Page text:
Part 12: Cloudflare Access – Like a Bouncer, only smarter

January 21, 2020 - Reading time: 5 minutes

Cloudflare Access can be used to secure any URL in less than a minute!  We will secure our Grafana instance behind Cloudflare Access.  There are numerous authentication methods available including Google, Facebook, and Cloudflare’s own One-Time Pin.  Auditing is also available.  

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Part 11: Ground Control to Major Tom

January 21, 2020 - Reading time: 45 minutes

It’s time to let our hair down and play a little now that we’re done building our cluster.  We’re now going to use Prometheus, Node Exporter, and Grafana to capture various metrics such as CPU temperature, memory and network usage, etc.  This will then be visualised into lots of pretty dials and graphs.  

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Part 10: Syncing Cluster Nodes

January 20, 2020 - Reading time: 47 minutes

Admin Node

We’ve created three identical cluster nodes, each with nginx, and bludit.  Furthermore, each node is part of a load balancing pool for https://makerflare.com.  However, we need to now create a fourth cluster node which will serve as our authoring node.  We will use a subdomain called admin.makerflare.com for this node.  

 

Visitors continue to use https://makerflare.com to access your content (served by 3 nodes).  However, https://admin.makerflare.com will be used to author content (using our 4th node).  Once saved, the content (blog pages, images, etc) will be automatically synced to the other three nodes.  

 

The installation process for admin.makerflare.com will not be covered here.  The only change you need is to change the URL in your Argo Tunnel config.yml file to reflect the subdomain.  Once done, bludit will need to be installed by first browsing to https://admin.makerflare.com.  This will ensure the site.php file reflects the correct URL.  You can also of course edit this URL manually if needed.  

 

We are now ready to install Syncthing, a real-time file sync application that will keep content created on admin.makerflare.com in sync with all our cluster nodes.  Thankfully this process is far less painful than having to listen to Insync!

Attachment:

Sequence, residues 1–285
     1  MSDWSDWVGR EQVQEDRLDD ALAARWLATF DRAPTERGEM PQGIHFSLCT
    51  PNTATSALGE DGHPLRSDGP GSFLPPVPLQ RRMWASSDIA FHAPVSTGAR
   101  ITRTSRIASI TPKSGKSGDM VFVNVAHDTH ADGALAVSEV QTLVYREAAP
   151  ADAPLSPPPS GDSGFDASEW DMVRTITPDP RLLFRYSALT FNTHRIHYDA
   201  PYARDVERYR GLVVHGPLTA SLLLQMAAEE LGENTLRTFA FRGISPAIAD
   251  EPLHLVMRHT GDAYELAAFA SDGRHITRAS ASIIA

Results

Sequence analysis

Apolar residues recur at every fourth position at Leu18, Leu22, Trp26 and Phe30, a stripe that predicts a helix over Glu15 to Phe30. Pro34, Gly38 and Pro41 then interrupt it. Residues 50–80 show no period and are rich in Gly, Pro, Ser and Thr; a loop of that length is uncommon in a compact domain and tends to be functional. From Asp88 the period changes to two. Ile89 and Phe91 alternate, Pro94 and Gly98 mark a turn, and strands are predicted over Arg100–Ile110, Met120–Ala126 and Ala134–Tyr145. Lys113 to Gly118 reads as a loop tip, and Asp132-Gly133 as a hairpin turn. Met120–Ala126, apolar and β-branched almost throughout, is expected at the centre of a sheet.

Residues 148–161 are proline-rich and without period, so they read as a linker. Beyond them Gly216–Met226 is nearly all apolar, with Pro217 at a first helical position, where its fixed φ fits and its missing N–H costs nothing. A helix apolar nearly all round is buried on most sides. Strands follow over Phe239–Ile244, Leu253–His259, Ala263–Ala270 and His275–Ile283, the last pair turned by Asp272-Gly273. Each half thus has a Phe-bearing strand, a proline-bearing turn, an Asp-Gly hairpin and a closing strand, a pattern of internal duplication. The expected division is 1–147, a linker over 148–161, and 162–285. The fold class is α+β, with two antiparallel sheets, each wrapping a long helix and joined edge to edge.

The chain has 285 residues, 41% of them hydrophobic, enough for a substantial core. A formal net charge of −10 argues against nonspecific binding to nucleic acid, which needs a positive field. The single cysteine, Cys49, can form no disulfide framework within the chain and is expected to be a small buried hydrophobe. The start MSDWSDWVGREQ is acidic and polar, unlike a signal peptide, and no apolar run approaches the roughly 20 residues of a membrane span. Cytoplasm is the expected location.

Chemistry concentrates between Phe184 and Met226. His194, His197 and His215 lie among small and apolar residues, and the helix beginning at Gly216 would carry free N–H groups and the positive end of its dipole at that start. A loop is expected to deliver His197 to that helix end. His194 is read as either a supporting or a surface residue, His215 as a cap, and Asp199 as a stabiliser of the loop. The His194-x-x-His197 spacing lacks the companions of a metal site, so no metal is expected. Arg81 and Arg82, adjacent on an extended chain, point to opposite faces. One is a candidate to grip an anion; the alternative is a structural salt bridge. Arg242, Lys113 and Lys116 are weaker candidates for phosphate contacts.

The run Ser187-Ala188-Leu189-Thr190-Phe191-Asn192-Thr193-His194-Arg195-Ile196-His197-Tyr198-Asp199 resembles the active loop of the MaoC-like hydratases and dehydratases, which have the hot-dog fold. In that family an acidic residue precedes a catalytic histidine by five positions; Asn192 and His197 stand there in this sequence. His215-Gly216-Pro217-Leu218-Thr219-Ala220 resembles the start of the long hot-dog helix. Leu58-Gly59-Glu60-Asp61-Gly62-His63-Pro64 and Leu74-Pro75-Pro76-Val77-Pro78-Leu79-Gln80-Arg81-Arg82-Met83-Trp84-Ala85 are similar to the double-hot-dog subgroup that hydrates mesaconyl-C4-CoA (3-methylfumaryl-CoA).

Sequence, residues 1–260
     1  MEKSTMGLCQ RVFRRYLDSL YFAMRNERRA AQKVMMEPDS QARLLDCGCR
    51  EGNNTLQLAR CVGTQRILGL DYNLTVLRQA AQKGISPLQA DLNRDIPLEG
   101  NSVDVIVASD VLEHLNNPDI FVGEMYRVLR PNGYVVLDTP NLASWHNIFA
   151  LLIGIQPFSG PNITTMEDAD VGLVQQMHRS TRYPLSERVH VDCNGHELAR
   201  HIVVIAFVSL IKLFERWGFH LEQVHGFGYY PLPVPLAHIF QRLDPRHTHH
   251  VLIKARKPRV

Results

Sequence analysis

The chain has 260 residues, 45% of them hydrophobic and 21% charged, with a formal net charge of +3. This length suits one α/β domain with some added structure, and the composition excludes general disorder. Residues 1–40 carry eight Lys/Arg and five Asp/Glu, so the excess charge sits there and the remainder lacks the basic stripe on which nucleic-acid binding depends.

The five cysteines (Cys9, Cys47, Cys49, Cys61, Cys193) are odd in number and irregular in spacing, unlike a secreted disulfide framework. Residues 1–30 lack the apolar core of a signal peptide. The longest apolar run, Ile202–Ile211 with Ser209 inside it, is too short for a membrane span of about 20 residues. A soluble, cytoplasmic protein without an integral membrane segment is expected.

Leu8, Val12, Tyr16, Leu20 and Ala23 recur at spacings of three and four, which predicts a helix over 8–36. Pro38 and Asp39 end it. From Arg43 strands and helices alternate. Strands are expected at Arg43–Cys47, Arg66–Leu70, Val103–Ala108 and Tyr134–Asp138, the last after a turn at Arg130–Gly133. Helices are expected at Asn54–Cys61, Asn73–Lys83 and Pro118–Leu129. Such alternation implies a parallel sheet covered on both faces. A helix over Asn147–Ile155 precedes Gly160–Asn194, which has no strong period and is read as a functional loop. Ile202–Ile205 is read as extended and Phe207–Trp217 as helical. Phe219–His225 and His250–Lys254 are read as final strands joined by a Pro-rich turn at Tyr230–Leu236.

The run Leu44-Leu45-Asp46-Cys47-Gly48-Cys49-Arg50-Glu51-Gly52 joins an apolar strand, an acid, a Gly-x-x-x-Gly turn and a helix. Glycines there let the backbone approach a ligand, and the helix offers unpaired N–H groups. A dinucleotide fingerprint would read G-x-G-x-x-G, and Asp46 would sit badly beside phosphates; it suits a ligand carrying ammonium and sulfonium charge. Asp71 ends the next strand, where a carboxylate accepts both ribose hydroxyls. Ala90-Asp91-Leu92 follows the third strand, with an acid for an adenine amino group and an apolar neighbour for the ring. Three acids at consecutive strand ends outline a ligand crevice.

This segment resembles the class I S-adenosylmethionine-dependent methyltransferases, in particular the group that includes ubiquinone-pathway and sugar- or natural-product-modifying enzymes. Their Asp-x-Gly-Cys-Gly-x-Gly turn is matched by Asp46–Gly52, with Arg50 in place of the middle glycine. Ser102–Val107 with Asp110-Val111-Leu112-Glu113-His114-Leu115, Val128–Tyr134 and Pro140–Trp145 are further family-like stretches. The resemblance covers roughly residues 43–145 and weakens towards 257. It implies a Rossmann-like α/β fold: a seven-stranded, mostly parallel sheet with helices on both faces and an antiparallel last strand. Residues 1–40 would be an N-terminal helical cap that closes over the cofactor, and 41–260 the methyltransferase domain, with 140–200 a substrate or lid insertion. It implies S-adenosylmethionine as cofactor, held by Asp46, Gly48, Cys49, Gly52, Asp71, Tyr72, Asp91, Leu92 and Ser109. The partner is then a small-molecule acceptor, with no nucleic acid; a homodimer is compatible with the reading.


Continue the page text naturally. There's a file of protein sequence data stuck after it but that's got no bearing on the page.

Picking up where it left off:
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Part 9: Load Balancing with Argo Tunnel

January 8, 2020 - Reading time: 6 minutes

Our project shows us that a lot is possible with a single Raspberry Pi and Cloudflare.  However, we can use Argo Tunnel to easily scale up multiple origin servers as needed.  This can be done by adding a single line in the Argo Tunnel config file we created earlier!  You can read more about this here: https://developers.cloudflare.com/argo-tunnel/reference/load-balancing/

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Part 8: Cloudflare Makes Things Better

January 8, 2020 - Reading time: 25 minutes

At this point we are using Cloudflare as follows:

 

1.     As our authoritative DNS - Cloudflare facilitates fast and secure DNS lookups as soon as your visitors open their browsers and type in our domain name.  Additionally, we should create a CNAME record for “www”, redirecting it to makerflare.com (our base domain).  This ensures that visitors reach the same content if they type www.makerflare.com or makerflare.com into their browsers.


2.     Cloudflare Universal SSL – Provides secure and encrypted connections between your visitors and Cloudflare, and also between Cloudflare and your origin server.  We also need to turn on the option to “Always Use HTTPS”, so that visitors trying to access http://makerflare.com get redirected to https://makerflare.com (which offers a secure connection).  




3.     Argo Tunnel – Allows our Raspberry Pi to establish the fastest possible connection to Cloudflare’s vast network.  All visitor web traffic will flow to your origin through this secure, encrypted and highly available tunnel.  We also enabled load balancing for Argo Tunnel in the config.yml file we created for the Cloudflared agent in Part 5.  More on this topic in Part 9.

 

 

There is still some further configuration to be done.

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Part 7: Installing a Content Management System (CMS)

January 7, 2020 - Reading time: 46 minutes

All our work so far has been to set up a foundation which we can then use to publish content on our site.  We’ve set up Raspbian as a base operating system, configured our firewall, installed Nginx, created an Argo Tunnel, and started using SSL. 

The next step is to install a Content Management System (CMS) which allows us to easily create and publish a blog just like this one.  The most popular CMS today is WordPress, and others include Joomla, Drupal, etc.  Each of these use a database (MYSQL, or MariaDB) to store content, images, and metadata.  However, there are also a few non-database CMS such as Bludit.  These are better for simple blogs as they’re more resource efficient.  Content is stored in JSON formatted text files.  We will be using Bludit for our blog. 

 

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